Perhaps his case could be helped when his competitors start pushing the 3G lifestyle, once O2 has shown us just what i-mode is we could rush off and sign up for 3G assuming that they do as well as they did with the silver surfer ;-)

Friday, October 14, 2005

Peter's viral networks

Bit slow on this one because its been a busy week.

Peter Cochrane (Former CTO of BT) blogs on Silicon about free spectrum for wireless. Over tea and toast this morning it was like being in the eye of the storm that was 3G spectrum bids five years ago when Peter was saying that everyone had overpaid. At that time Peter said that the mobile market was close to saturated, today he is talking about machine-to-machine systems that uses free spectrum for RFiD.

As a futurologist Peter is looking at the development of peer-to-peer radio with dumb receivers that need very little energy to power up. This he says is the smart evolution of the current Wi-Fi based systems that have given works the ability to work wire-free. I just guess that like me Peter has yet to sit down and wade through the recent White Papers from Qualcomm and Nokia that say that the present "standards" for WiMAX just don't add up and need development.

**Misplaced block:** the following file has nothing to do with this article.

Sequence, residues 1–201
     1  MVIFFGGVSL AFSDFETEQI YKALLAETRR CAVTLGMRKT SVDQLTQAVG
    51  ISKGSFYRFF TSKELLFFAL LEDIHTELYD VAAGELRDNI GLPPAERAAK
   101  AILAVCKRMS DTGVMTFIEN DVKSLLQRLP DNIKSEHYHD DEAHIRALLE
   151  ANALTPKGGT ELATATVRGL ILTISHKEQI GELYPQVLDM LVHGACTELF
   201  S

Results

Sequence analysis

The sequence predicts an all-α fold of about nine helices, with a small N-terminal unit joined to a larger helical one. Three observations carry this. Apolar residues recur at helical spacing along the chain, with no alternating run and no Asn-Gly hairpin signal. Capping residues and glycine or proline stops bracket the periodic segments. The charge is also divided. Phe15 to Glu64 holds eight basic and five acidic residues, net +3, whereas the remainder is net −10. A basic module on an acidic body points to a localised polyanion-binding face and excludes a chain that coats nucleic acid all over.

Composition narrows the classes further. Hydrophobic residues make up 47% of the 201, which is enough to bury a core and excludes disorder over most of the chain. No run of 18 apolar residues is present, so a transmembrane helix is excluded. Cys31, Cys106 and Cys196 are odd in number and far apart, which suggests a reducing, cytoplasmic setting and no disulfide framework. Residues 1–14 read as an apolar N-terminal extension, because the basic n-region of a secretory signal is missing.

Wednesday, October 12, 2005

A new digital pen

Yesterday saw the PR launch of a new digital pen called the VPen. Like the ANOTO based devices it has a bluetooth chip to allow connection to a number of devcise and uses handwriting recognition software. The difference is that unlike ANOTO you can write on any surface and the prototype is the size of a highlighter pen.

Having been a user of the ANOTO system for over a year I have to say that although the technology is excellent. It is far more social to take notes with a pen and paper than a computer when in a meeting you are not putting up a barrier for example, it also works outside in bright sunlight. A number of people who having seen me using my Pen have asked about it and then gone and got the technology themselves. The problem is that over half who have purchased the equipment have then given up using it, the problem is that they don't like the fact that it is a ball point in an ugly case. Why they ask if the clever technology is the OCR camera why can't the manufacture put it in a fountain pen, preferably one that looks like a Mont Blanc?